As always, the food at the event was delicious and was all provided by artisan food purveyors from Marin County, including Dehasa foods, Point Reyes Vineyard Inn, Il Fornaio Bakery, Nicasio Valley Cheese, Point Reyes Farmstead Cheese, and Cowgirl Creamery. The food included a country pâté of rabbit studded with pistachio nuts, served with local breads and cheeses. They were also grilling pork and rabbit sausages, venison with a plum sauce as well as venison with a dry spice rub (this was exceptional!). A chef who makes his own salumi dropped by with some samples of his bacon, coppa, and a couple of other products.
Al Osterheld made the rounds at the tasting early on, while I arrived toward the end of the event, having been tied up with another commitment that afternoon, so we each tasted separately on this occasion. Between us, I believe we tasted all but one of the wines being poured, though we both somehow missed the only sparkling wine of the event – a Blanc de Noir from Point Reyes Vineyard. Al was able to taste some wines that I did not have a chance to try later in the day, and his notes are designated with an “(AO)” at the end of the note. He also contributed some of the winery comments and other impressions of the event (especially of the food).
Some producers poured one or two of the same wines as last year, though all of them featured their latest releases. There were also a couple of older wines and some previews of upcoming releases. I’d tried wines from most of these producers at last year’s tasting, but there were also some promising newcomers to the event – Bailiwick, Couloir, and Easkoot all produced notable Pinot Noirs. I’ve found that Kendric, Pey-Marin, and Vision have been among the most consistent producers of Marin County wines over the past few years, and by and large, they continued that trend this year. A handful of other wines were just a notch below those listed as “Favorites,” including Pinots from Easkoot, Sean Thackrey, and Skywalker Ranch’s Viandante del Cielo label.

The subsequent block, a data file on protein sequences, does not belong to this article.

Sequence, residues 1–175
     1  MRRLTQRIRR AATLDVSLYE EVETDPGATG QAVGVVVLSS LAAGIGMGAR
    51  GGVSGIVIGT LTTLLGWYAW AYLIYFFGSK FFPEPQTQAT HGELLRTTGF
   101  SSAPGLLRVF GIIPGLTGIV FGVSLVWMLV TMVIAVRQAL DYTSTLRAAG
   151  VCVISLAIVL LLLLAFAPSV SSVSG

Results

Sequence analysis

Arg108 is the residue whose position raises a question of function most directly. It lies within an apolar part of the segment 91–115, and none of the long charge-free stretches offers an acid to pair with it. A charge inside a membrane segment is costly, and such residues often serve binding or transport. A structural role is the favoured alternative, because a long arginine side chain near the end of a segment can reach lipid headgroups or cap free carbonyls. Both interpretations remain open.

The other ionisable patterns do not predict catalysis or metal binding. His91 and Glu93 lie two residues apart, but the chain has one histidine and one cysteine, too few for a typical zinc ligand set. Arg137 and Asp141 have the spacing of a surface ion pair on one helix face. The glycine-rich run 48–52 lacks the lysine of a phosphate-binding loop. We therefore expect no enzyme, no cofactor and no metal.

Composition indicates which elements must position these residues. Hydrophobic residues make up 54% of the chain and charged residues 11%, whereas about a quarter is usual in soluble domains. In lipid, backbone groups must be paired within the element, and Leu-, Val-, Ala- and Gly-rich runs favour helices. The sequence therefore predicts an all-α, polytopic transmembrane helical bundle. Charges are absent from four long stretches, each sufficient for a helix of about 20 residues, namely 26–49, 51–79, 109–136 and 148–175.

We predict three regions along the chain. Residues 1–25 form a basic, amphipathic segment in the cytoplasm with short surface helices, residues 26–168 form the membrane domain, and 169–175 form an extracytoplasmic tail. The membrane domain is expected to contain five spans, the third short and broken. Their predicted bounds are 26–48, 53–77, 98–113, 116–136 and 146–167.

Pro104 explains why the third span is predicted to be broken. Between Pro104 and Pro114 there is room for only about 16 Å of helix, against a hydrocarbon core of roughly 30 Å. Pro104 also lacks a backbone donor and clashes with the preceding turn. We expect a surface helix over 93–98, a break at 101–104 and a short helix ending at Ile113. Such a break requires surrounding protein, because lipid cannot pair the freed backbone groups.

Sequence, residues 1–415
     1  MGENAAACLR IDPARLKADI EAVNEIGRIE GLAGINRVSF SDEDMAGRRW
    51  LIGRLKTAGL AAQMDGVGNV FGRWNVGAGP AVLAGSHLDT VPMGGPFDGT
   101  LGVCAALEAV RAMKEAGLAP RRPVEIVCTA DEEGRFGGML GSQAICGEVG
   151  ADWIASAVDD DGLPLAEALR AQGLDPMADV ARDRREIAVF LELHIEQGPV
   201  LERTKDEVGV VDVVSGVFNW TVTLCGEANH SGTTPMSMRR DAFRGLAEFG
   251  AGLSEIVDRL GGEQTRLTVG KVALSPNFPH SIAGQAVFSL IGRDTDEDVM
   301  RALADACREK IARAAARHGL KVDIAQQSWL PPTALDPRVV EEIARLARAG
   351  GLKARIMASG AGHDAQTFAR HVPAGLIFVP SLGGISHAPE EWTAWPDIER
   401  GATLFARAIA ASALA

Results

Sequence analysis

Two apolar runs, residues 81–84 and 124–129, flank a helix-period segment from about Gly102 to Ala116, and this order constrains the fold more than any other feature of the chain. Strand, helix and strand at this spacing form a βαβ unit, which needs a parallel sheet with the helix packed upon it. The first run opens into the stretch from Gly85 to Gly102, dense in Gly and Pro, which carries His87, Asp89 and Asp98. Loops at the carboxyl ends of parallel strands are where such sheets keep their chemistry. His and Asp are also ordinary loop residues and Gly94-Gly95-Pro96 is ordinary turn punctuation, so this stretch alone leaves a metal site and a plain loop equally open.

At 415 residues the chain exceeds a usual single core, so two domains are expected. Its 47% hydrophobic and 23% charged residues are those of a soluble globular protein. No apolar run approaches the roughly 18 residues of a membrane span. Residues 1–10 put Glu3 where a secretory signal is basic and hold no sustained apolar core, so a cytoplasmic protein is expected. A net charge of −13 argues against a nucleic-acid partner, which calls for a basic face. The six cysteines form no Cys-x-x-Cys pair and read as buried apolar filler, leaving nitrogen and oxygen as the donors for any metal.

I thought the overall quality of wines at the event was very good, though there were a few that both Al and I felt showed some flaws. But aside from those exceptions, I felt that the standout wines of this year’s tasting were as good or better than those from the past couple of years. It was good to see some newer producers taking on Marin County fruit and looking at it from a fresh perspective. And some more established Marin producers like Kendric continue to experiment – using more whole-cluster fruit in fermentations, extended macerations, etc. – so there are always some new paths to explore with these wines.
Once again, the Pinot Noirs in particular from Marin distinguished themselves – bright red fruits, sometimes floral, and usually lighter in color and body than many from California. It’s an intriguing growing area that I think is deserving of greater attention, and the wines at this year’s Marin County Wine Celebration showcased both the best of the current releases as well as the promise of the future.